December 8th, 2011
12:10 PM ET
Last night’s episode of “Top Chef: Texas” had it all: bickering, classical cooking, steak and a visit to the ER.
For the Quickfire, our chefs pulled knives labeled with one of five froufrou, Frenchy words: veloute, bechamel, espagnole, hollandaise and tomate. We’re told these are the five mother sauces, which I think means they’re the primary colors of the sauce world.
Each cheftestant had to make a dish based on the sauce picked. This season’s supposedly new judge Emeril Lagasse was subbed out again, this time for Dean Fearing - with an emphasis on “fear.”
December 1st, 2011
01:29 PM ET
Last night on “Top Chef: Texas” we saw the contestants cook low-end and high-end, and four unlucky souls were tasked with dessert.
But first they packed up and drove to Dallas, where a highway patrolman pulled over their contractually-obligated-to-say-Toyota Sienna caravan. The cop was so clearly a plant that I expected him to ask, “did somebody call...the POLICE?” before ripping off tearaway pants as a groovin’ bass line kicked in.
Alas, it was merely Quickfire time. The chefs had to cook on the side of the road using propane burners and ingredients from a survival kit. And they turned out some impressive stuff, considering they used canned foods you wouldn’t even crack open during a nuclear winter.
November 24th, 2011
01:45 PM ET
Tuck in your wattles because “Top Chef: Thanksgiving Edition” is here. And what says “Turkey Day” like chili peppers and cattle wranglin’?
OK, so the producers decided to forgo a themed holiday episode, but when the challenges are this good, who cares.
For the Quickfire, cheftestants had to make a dish highlighting a chili pepper of their choosing - the hotter the pepper, the more money the chef could win.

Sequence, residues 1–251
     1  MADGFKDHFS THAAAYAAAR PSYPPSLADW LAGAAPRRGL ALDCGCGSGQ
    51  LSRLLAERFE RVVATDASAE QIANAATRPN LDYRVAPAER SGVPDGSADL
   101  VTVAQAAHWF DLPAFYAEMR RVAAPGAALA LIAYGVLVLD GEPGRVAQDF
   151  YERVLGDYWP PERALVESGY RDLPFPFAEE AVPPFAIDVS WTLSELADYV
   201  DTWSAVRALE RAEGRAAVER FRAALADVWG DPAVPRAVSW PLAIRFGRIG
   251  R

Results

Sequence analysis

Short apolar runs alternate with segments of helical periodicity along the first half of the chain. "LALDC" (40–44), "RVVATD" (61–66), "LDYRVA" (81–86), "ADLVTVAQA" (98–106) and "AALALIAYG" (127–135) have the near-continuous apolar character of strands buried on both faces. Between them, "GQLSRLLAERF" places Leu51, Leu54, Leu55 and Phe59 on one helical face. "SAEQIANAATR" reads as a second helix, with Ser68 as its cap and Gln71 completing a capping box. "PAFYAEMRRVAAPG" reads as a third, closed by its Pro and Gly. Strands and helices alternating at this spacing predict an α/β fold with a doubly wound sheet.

November 17th, 2011
12:36 PM ET
Now that we have 16 cheftestants competing, "Top Chef" Nation can pretend the first two episodes never happened and return to skewering a manageable number of chefs and excoriating a manageable number of dishes using only our eyes. Otherwise known as normalcy.
After hitting the reset button, we were given a quick introduction to a few of the chefs. Like Beverly Kim, who had
Back in the kitchen, we saw the first Quickfire of the year, and the show’s first chance to embrace Texas. So what Texas “staple” did they reveal? Rattlesnakes, which the guest judge assured us are “traditional in Texas cuisine.” OK, then.
November 10th, 2011
01:31 PM ET
If you read last week's recap, then you'll know I was disappointed that the producers expanded the pool of cheftestants and extended the trimming-the-fat phase into two episodes.
I would love to tell you which chefs looked like the real deal and which should go back to flipping burgers (and which had the best tats or dumbest mohawk), but I honestly can’t yet because we had enough cheftestants to fill Kitchen Stadium. Wait, wrong competitive cooking show. See, too much going on! I’m so confused!
Thankfully, though, last night gave us the conclusion of Chefsplosion 2011, wherein the last of the 29 chefs were sorted out.
November 3rd, 2011
11:00 AM ET
The ads promoting “Top Chef: Texas” featured head judge Tom Colicchio wearing a sheriff's star, so I was hoping he'd have that baby fastened to his lapel all season. No such luck - during Wednesday's season 9 premiere, the star was nowhere in sight.
That was the first of a few disappointments in the episode, but even a subpar offering of “Top Chef” is enjoyable. Wednesday’s premiere had its moments, particularly the elimination that came before the first commercial break, which was legendary and wonderful. We’ll get to that.
The problem was that the show crammed in double the contestants and two new judges, presumably because everything’s bigger in Texas and you go big or go home, etc., etc. As a result, the episode overwhelming, and it watered down the series’ best traits.
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